Home Buying In Toronto Has Declined By Two-Thirds In The Young Professional’s Population

Due to the increase in house prices in Toronto, businesses are finding it hard to draw new talent and retain them and this is threatening the future of Canada’s largest economic engine. This is what was concluded from a recent study by the Toronto Region Board of Trade. It found out that in the city, more than two-thirds of the young professionals have eventually ceased to buy a house or upgrade on their homes.

This sign shows how desperate it is for someone who wants to buy a house in Toronto, where prices rose in recent months to above $1.5 million for an average single family home, whereas a standard condo is now being sold for more than $540,000.

Jan De Silva, who is the president and CEO of the Toronto Region Board of Trade, has noted that the problem is making the situation difficult for many employers. “We are hearing it directly from the business community, and we are even experiencing it as an employer,” she said, “We just said goodbye to a member of our team for this reason.”

No Thanks To A One-bedroom Condo   

The survey found out that 68 per cent of young professionals, described as those from 18 to 39 years of age, said they are highly unlikely to get a home or upgrade on the ones they have. Of the 68 per cent, 58 per cent stated that it was due to cost.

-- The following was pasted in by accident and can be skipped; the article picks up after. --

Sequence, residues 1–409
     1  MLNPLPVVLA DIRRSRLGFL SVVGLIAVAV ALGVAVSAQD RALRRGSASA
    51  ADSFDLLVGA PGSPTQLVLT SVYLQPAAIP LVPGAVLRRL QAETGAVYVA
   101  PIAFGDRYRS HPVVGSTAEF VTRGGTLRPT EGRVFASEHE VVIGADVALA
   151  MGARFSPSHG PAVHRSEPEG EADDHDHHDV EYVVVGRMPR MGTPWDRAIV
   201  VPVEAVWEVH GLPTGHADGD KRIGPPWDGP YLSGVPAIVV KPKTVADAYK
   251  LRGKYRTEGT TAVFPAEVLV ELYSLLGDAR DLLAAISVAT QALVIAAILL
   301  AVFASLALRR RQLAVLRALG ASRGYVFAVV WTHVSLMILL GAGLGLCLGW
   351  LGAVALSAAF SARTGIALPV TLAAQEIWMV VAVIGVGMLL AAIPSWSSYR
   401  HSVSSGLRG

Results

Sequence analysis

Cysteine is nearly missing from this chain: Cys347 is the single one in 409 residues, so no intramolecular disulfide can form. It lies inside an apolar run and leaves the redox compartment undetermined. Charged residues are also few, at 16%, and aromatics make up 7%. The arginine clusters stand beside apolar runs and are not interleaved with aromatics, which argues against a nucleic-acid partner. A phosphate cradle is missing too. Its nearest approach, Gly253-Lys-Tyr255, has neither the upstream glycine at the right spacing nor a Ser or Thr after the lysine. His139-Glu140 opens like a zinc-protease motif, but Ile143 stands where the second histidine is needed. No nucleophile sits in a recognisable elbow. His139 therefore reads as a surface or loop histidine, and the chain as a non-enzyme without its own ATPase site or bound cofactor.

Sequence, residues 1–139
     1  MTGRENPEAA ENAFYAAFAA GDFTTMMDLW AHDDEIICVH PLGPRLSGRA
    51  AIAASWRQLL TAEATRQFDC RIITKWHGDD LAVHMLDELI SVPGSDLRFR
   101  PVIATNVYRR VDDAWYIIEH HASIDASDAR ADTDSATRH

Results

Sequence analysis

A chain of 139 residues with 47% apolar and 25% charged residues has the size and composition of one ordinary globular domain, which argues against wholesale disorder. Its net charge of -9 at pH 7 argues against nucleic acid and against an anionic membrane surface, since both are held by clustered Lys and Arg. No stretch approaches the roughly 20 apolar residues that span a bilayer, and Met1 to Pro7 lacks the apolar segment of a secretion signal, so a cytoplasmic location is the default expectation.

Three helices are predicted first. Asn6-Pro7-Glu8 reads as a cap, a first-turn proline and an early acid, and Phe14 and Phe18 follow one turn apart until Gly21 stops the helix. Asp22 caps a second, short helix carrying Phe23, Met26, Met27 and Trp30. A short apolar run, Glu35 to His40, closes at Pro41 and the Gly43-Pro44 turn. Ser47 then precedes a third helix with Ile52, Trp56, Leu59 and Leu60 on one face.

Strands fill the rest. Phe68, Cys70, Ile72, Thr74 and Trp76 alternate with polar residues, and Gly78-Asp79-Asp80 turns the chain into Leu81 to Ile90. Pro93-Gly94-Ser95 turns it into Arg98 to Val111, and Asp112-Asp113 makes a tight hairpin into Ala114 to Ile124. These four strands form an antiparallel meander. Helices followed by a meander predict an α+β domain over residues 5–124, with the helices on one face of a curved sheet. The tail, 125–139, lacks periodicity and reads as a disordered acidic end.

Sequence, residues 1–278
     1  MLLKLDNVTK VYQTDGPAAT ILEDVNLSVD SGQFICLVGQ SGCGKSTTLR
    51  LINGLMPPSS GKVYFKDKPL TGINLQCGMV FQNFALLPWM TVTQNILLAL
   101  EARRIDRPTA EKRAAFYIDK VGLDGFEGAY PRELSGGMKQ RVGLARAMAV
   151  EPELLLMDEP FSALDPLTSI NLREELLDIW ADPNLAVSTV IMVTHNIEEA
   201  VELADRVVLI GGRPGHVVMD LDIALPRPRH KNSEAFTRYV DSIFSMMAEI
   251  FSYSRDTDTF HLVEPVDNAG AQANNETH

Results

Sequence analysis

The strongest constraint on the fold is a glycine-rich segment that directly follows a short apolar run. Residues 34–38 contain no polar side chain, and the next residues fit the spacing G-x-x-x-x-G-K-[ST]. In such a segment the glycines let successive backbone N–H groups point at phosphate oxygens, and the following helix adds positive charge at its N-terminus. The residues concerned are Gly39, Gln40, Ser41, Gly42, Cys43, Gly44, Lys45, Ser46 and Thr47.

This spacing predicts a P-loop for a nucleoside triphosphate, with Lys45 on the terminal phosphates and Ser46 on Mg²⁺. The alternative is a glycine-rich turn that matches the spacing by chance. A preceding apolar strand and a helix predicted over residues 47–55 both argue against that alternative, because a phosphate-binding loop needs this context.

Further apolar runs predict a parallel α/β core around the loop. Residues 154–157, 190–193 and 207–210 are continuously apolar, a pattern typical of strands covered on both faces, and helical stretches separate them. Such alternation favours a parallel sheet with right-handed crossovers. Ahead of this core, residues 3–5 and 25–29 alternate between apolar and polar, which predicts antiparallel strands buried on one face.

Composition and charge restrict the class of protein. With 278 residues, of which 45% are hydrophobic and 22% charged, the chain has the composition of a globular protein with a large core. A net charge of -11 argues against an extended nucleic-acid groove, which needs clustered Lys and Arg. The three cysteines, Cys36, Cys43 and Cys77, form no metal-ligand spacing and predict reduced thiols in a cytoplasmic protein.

What was also discovered by the survey is the increased reluctance to buy the small condos that are currently spreading all over the city. 50 per cent of those surveyed said they prefer a single-family home while 81 per cent reiterated the fact that they do not want a condo. However, only 4 per cent said they would want a one-bedroom condo, which is the most common type being built around Toronto.

De Silva has put blame about the incorrect housing mix on little investment in transit in recent years as well as high housing costs in Toronto. It has also been suggested by other experts that the lack of transit is putting an extra cost on downtown locations, while the rise in the cost of family homes is due to the lack of detached home construction.

De Silva said, “Providing young professionals with more options to allow them to live and work in the GTA will ensure we have the talent we need to be one of the most competitive and sought after business regions in the world.”


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